Friday, August 26, 2011

A Schedule that Doesn't *Dumb them Down*

I thought I might explain our daily schedule and what my aim is in the way that I schedule the kids. I don't have *it all sewn up* by any means, but at this point it works for us!

In general, they understand that they are *mine* from 7:30 a.m. - 3:00 p.m. Monday through Friday. At 3:00 p.m. I allow for *free time* if chores and school work is done. There are times within the school year when it's very easy to be done by 3:00 p.m. and times when it is more of a challenge. 

Now, within that time they are *mine*, there are rewards for the student who works ahead. They can earn extra *free time*, but when it is during the hours they are *mine*, there are certain boundaries on what is allowed. 

I schedule school very heavily on Mondays, Tuesdays and Wednesdays. Then Thursdays I ease up a bit and on Fridays I try to schedule as little as possible. Often they might have one or two subjects. Occasionally nothing is scheduled on Friday. I encourage the kids to work ahead if possible, thereby never having anything on the schedule on Friday. 

The reward for being on schedule or ahead is that I let them sleep in on Fridays. Fortunately my kids are not really late sleepers. If they sleep past 8:30 or 9:00 a.m., I am checking to make sure they are still breathing because it almost never happens! It they're sleeping that late they are probably sick.

The benefit of a 4-day work week is that it is easier to schedule field trips and days to spend with other homeschooling friends. It is easier to schedule days of service and ministry as well. Seriously, sometimes the best thing you can do is to get the noses out of the books!

Another very important reason that I reward for work done well and in advance is that it is a great life lesson. Put your nose to the grindstone, get that thing done that you'd love to procrastinate and you'll be rewarded! 

On the flip side, if I had a student who worked ahead and then I decided to schedule more work with the thought that the state I live in requires 175 days of school, I would dumb them down. What I mean is, the kids would see no benefit to working ahead and would slow down so that I would not schedule more. 

So, how do I say with integrity that we put in 175 days of school? Well, for one thing, I decided that *school* is whatever we decide to do on a *school day*. Secondly, I seek to foster an atmosphere of endeavors that encourage a healthy mind, body and spirit that takes place during that *free time.* That's part of the purpose for those hours and days that they are *mine.* (At 3:00 p.m., I do allow internet, TV, and playstation. If I think they are spending too much time at that, then I try to plan something more fun that we can do as a family.)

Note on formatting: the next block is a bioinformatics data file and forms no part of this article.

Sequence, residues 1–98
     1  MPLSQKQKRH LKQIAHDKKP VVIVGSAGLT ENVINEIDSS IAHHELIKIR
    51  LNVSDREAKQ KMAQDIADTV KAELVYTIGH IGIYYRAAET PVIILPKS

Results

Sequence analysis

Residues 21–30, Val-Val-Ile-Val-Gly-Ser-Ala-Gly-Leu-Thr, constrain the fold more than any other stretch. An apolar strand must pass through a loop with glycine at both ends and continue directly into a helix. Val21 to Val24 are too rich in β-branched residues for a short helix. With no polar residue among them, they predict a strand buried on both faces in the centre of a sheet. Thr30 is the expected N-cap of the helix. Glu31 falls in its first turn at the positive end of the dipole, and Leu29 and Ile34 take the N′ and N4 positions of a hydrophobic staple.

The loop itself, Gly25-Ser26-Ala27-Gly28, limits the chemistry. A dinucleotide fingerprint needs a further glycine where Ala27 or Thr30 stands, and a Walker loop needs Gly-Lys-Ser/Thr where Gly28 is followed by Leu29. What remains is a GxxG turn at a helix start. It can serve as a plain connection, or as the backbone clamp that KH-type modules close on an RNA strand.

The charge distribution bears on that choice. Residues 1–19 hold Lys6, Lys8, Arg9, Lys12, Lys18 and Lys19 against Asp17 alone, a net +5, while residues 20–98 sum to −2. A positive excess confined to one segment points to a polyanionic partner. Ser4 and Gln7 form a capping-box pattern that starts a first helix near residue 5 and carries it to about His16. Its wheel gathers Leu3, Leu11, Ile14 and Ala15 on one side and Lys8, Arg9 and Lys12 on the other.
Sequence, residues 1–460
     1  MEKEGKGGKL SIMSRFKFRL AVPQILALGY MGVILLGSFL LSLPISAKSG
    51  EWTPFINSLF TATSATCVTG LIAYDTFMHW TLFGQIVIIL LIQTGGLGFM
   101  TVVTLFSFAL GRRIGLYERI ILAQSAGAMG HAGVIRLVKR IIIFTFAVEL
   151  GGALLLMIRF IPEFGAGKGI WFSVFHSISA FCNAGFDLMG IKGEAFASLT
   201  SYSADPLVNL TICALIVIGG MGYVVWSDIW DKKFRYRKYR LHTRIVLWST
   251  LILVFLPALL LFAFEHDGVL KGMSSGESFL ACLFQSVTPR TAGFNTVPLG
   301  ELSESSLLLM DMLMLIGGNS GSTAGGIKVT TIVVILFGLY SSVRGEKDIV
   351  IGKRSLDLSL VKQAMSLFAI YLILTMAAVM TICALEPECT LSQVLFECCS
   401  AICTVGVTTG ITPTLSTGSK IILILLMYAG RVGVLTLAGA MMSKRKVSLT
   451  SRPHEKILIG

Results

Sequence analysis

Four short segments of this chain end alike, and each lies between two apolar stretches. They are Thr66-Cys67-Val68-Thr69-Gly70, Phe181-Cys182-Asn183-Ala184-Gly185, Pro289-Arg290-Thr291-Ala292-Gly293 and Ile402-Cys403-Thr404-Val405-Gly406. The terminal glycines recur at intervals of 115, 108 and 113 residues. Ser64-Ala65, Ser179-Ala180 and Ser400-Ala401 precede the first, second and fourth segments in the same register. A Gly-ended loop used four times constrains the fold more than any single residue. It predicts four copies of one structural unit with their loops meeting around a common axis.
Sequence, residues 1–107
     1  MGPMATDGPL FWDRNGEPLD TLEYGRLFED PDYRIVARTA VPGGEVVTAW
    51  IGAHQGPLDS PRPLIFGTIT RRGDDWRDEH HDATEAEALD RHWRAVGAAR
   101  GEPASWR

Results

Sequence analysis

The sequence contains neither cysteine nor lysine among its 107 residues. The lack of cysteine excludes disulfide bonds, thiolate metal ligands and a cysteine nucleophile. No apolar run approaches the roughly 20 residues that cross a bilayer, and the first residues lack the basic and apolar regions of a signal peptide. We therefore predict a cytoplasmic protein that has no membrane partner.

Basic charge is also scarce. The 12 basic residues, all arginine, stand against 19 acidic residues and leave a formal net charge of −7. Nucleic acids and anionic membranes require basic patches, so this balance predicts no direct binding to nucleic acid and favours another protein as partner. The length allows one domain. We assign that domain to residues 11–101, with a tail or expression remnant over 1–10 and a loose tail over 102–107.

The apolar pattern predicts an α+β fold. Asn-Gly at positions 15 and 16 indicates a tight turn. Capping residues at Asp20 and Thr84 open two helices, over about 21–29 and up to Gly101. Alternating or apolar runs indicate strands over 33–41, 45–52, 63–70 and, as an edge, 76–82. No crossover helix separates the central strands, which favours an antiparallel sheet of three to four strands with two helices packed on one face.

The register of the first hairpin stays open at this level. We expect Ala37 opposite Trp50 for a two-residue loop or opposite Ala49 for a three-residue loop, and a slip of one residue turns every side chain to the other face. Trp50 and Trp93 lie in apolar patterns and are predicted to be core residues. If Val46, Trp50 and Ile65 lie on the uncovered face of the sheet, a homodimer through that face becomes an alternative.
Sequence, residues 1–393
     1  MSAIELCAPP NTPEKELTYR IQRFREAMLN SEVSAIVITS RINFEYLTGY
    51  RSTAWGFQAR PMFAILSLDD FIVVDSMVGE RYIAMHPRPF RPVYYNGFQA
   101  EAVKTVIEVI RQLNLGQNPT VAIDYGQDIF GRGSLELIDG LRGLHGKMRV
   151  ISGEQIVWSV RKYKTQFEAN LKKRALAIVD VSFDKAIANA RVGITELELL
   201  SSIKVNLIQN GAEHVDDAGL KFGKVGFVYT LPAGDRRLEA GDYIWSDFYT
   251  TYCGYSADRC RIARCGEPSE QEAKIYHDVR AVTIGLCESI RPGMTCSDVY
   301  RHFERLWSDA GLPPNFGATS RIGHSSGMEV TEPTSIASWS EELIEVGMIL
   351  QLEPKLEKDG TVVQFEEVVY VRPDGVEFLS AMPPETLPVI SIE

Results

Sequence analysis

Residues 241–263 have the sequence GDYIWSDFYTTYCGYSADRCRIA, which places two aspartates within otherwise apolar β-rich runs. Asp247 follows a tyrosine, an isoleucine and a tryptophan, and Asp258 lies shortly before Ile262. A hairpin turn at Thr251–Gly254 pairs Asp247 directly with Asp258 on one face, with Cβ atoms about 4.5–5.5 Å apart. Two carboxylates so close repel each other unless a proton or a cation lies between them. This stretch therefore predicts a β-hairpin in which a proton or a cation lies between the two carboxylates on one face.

It was important to me that my kids didn't have extra time to sit in front of the TV, the play station, or the internet. So, we have ways we use that extra time. Here is a list of some of those ways (remember my kids are teens):

~I invest in books that they would like to read. 
~They each have instruments. 
~I regularly ask about hobbies they would like to pursue and invest in them as I can. 
~They are allowed computer access to play educational games, to write stories and books, to learn songs, to learn a new skill, to do web design, blogging, photo editing.
~They can watch educational TV (must be highly educational *wink*).
~We can visit friends, go on field trips, visit the library or the beach or the parks.
~We can volunteer and serve others.

Some examples of hobbies we have pursued:
~Photography and photo editing
~Programming and creating computer games
~Modelling clay, claymation and making movies.
~Writing stories, books, skits, movies.
~Drawing, painting, cartooning.
~Preserving plants and flowers.
~Creating outdoor games.
~Learning instruments and songs on those instruments.
~Experimenting with makeup, nail polish, face painting.
~Small carpentry projects.
~Putting everything you can think of under a microscope!

I do help them brainstorm activities. And I do try to save some of the school budget for these things. A few years ago I decided to step away from the overabundance of outside activities that were ruling our life and keeping us from having spare time. I did this for many reasons. But one big benefit was boredom. Yes, that's a benefit! Why? Because boredom, when complaining is not tolerated, is the mother of creativity!!  Also, giving up those activities allowed me to redirect funds to their hobbies and interests. It turns out that between the cost of the activity itself, the uniforms, costumes, supplies it needed, the fast food, and the gas was really zapping our funds! Now we have time for people, for creative pursuits and for ministry!! 

"Teach us to number our days aright, that we may gain a heart of wisdom" Psalm 90:12

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